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Originally posted by NightSkyeB4Dawn
My job places me in close contact with medical and pharmaceutical operations.
Several months ago I thought it unusual to see memos and postings that a commonly used medication was unavailable and on back order. The next month another frequently used medication was on backorder.
My initial response was that the hospital was just trying to save money and was doing short ordering and getting caught with its pants down. I forgot about it until a couple of days ago when a medication that is not only frequently used but is a main staple to almost every hospital, clinic and surgical center, was in shortage and on back order. Playing back over my memory it seems that there have been shortages of some medication almost monthly now for over six months, from my experience.
This is ATS. If there is something going on out there that we should be paying attention to, ATS is the place that will root out the conspiracy, if one exist.
Has anyone noticed recent medication shortages? If this is occurring on a large scale, maybe by looking at the types of medications that are suddenly going short and possibly being stockpiled, will give us an idea of what may be coming down the pike and give us an idea of what medications we should be adding to our medicine chests.
This may be just a response to the sad condition of our country’s financial status or it may another oddity in our everyday that is a clue to what may be hiding in plain sight.
Posted: Monday, March 19, 2012, 11:39 AM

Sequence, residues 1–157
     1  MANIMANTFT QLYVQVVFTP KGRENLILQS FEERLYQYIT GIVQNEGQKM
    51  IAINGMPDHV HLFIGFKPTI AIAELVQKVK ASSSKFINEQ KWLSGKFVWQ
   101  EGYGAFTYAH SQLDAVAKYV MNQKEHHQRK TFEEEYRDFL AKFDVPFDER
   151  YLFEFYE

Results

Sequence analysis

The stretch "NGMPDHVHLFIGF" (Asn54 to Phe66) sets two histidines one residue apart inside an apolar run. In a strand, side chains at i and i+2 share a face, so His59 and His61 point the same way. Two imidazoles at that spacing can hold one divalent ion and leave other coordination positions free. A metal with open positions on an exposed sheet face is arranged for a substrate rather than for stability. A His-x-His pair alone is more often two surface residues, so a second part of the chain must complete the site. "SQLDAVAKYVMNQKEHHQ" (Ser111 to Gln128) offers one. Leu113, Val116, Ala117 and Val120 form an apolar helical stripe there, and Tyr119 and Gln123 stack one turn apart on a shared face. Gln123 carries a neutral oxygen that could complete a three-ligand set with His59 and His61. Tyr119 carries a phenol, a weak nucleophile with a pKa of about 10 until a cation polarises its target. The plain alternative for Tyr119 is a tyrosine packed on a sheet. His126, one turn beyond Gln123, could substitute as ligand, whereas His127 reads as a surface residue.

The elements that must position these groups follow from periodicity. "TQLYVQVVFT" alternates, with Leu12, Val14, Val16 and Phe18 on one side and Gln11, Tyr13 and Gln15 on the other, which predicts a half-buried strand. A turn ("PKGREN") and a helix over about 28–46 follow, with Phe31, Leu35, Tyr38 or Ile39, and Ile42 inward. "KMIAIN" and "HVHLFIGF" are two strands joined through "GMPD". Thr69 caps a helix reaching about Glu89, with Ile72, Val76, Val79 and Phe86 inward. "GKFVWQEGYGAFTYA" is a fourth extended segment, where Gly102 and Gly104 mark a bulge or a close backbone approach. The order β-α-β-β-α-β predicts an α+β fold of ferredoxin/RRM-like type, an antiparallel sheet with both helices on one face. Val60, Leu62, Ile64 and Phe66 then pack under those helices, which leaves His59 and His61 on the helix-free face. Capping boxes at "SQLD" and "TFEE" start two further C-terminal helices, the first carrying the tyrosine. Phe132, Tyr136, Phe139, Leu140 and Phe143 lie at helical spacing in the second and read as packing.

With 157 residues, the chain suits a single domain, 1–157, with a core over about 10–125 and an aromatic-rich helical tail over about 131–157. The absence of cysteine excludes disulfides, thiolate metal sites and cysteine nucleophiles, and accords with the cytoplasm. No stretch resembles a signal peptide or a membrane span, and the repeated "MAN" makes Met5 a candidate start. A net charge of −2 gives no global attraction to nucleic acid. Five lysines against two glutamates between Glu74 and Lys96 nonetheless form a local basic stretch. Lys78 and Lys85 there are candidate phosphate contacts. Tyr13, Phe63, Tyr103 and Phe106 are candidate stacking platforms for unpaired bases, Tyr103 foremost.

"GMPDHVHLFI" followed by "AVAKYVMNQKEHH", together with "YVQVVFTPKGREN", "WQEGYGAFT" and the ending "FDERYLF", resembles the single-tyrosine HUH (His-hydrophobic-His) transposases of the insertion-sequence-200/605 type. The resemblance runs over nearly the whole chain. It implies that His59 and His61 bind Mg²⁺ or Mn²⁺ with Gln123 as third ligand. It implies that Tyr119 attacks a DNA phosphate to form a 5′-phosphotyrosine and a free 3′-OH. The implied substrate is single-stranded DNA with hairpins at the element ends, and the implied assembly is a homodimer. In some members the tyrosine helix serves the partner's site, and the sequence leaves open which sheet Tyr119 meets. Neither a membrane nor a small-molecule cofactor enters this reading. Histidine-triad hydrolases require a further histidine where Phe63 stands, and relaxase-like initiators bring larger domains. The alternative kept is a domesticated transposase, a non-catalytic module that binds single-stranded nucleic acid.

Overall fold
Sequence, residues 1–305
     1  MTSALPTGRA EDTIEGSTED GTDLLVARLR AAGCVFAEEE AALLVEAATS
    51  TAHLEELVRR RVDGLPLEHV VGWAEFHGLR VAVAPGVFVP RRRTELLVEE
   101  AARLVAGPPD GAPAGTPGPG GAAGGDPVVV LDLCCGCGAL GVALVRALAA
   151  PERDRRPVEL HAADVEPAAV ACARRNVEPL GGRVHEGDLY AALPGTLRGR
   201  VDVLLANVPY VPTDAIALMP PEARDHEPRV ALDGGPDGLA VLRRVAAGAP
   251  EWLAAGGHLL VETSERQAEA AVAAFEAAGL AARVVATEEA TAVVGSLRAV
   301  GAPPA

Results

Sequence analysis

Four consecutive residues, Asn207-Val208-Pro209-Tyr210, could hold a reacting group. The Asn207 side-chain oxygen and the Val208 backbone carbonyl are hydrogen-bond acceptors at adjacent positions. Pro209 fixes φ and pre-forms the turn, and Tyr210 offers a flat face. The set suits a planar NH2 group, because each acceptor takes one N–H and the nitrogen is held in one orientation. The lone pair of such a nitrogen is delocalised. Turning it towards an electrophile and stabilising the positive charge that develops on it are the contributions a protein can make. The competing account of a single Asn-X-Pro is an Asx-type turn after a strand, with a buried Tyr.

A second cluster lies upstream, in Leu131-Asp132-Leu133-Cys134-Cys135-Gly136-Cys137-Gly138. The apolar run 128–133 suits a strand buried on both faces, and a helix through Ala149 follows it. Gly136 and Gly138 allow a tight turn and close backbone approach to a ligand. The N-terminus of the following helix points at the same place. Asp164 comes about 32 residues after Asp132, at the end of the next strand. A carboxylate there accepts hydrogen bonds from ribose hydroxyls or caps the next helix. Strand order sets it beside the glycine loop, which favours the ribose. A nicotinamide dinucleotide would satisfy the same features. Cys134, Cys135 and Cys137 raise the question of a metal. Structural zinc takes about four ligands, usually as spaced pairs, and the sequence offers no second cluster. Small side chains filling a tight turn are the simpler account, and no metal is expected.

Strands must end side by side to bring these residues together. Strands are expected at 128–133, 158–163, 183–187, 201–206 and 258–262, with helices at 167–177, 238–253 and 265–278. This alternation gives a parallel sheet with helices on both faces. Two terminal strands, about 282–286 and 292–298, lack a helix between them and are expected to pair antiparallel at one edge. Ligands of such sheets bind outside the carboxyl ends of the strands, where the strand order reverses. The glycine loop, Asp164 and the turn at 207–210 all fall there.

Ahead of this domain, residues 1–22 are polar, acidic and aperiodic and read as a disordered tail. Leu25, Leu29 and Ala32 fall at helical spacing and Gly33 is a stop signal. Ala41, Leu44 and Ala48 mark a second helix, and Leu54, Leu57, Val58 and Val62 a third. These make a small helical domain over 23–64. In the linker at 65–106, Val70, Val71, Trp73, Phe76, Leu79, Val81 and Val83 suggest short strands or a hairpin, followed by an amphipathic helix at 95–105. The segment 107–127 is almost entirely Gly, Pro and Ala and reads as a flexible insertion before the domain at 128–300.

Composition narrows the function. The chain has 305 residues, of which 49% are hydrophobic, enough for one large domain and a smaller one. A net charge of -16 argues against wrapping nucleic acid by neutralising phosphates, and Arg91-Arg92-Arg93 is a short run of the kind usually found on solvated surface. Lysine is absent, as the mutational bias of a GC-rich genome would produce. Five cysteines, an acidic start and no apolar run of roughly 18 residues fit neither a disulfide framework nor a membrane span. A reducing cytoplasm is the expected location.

Over the past two years, our country has been dealing with the worst drug shortage situation I have seen in over 40 years of practicing pharmacy. I first wrote about the situation in July 2010, after hearing from colleagues around the country who were having trouble obtaining needed medications.
Nearly two years later, it continues to be a major public health issue. At times, patients have been unable to obtain otherwise commonly used medications, including critically important drugs for cancer, emergency medications like epinephrine, pain medications including morphine, and even certain mainstay antibiotics or anesthetics used during operations.
Shortages of the painkillers, nausea-relieving drugs and sedatives that inject calm into Canadian hospitals have triggered a nationwide drug crisis.
Politicians, hospitals, physicians and, ultimately, patients are struggling with a scarcity of various injectables, including morphine to ease end of life pain, ondansetron to relieve nausea during chemotherapy and protamine, crucial for heart bypass operations
Long before Sandoz Canada’s Quebec factory, where most of Canada’s generic injectables are made, slowed its production to meet U.S. Food and Drug Administration standards, and long before a fire briefly shut the plant, the strains on the system have alarmed health-care providers across the country.
Originally posted by rbkruspe
I think its partly to get more people to take that newer Vyvanse stuff. Adderall is pretty old and is a med that is popular even though its gone generic
Originally posted by Asktheanimals
reply to post by RobinB022
Meanwhile people are dropping like flies due to cancer medication shortages.
Originally posted by virraszto
Adderall is almost impossible to get now---10 or 20 mg. I even had my script changed to the 24hr, which I was told most places would have and they did for a few months. Now I can't get either generic or name brand. I can't keep running to the dr to get my script changed.
I heard that there is a new adhd medicine on the market and the reason for the adderall shortage is so people will switch to the new medicine. Don't know how true that is.
Originally posted by chevy369
Also the gov't is buying ammunition like crazy and causing prices to go up as well. It is not just drugs.